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Clinical Journal of Pain:
doi: 10.1097/AJP.0000000000000107
Original Article: PDF Only

Are Prevalent Self-reported Cardiovascular Disorders Associated with Delayed Recovery From Whiplash-associated Disorders: A Population-based Cohort Study.

Palmlöf, Lina MsC; Côté, Pierre PhD; Holm, Lena W PhD; Carroll, Linda J PhD; Cassidy, J. David PhD; Skillgate, Eva PhD

Published Ahead-of-Print
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Objectives: The aim of this cohort study was to investigate the association between self-reported cardiovascular disorders (CVD) and recovery from whiplash associated disorder (WAD) after a traffic collision.

Methods: This study was based on the Saskatchewan Government Insurance cohort, including individuals over 18 years of age, who made a traffic- injury claim or received health care after a traffic injury, between 1997 and 1999. Participants completed a baseline questionnaire and were followed up by telephone interviews at 6 weeks, 3 months, 6 months, 9 months, and 12 months post injury. Our sample includes a subcohort of 6011 participants who reported WAD (defined as answering "yes" to the question "Did the accident cause neck or shoulder pain") at baseline. The outcome, self-perceived recovery, was measured at all follow-up interviews. The presence of cardiovascular disorder and its effect on health was classified into three exposure categories; (1) CVD absent, (2) CVD present with no or mild effect on health and (3) CVD present with moderate or severe effect on health. The association between CVD and recovery from WAD was assessed with Cox regression, and adjusted for potential confounders.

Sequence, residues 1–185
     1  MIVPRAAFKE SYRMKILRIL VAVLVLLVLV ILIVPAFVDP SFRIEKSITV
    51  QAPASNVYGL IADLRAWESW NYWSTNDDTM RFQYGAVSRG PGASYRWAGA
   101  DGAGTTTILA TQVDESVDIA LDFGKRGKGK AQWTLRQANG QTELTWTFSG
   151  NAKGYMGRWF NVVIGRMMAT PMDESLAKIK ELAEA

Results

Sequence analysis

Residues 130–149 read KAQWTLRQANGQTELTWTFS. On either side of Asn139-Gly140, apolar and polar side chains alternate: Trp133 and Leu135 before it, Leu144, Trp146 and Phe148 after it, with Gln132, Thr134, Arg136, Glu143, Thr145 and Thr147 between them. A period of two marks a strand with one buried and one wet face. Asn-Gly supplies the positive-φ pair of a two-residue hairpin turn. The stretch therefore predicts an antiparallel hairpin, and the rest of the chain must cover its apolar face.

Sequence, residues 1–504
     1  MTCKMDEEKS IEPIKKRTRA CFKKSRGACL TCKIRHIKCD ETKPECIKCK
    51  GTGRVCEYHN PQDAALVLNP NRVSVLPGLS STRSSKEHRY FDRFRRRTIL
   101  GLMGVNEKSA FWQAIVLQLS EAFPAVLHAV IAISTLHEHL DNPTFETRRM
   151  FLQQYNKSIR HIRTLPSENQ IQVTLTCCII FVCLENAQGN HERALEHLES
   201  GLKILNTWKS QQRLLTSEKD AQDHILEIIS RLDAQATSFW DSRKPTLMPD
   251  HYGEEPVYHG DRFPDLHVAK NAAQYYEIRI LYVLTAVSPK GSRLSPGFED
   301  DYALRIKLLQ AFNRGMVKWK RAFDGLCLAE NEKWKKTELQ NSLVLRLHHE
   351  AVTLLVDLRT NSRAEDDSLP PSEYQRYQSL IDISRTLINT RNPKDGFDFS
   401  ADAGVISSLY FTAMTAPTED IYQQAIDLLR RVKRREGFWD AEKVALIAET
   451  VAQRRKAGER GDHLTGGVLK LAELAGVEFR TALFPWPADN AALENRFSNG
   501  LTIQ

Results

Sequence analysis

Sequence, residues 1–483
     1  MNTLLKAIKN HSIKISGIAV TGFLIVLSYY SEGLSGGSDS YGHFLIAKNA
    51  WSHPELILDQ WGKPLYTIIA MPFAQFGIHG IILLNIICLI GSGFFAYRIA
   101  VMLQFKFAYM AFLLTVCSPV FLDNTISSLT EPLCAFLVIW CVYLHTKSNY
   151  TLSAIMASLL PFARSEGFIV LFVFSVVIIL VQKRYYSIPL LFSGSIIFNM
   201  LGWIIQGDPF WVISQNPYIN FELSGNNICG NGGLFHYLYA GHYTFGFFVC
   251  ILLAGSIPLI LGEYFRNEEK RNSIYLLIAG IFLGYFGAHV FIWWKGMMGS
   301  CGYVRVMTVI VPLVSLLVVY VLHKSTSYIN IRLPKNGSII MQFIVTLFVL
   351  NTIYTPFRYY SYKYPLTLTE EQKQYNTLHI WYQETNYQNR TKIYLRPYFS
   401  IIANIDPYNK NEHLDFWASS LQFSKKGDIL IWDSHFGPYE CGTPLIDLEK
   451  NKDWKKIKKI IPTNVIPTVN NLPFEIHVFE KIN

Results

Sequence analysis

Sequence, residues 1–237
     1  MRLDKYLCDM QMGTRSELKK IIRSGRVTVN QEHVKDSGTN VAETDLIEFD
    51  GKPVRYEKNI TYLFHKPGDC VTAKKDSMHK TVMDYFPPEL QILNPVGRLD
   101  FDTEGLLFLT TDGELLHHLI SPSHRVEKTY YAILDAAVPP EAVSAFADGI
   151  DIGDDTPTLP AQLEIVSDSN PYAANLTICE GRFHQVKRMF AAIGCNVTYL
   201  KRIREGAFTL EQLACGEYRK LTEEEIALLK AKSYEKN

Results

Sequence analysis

Results: We found a crude association between comorbid CVD with moderate or severe effect on health in women. However, the adjusted association was weak and potentially affected by residual confounding. We found no association in men.

Discussion: Our results suggest that CVD does not impact on the recovery of individuals with whiplash-associated disorders.

(C) 2014 Wolters Kluwer Health, Inc. All rights reserved.

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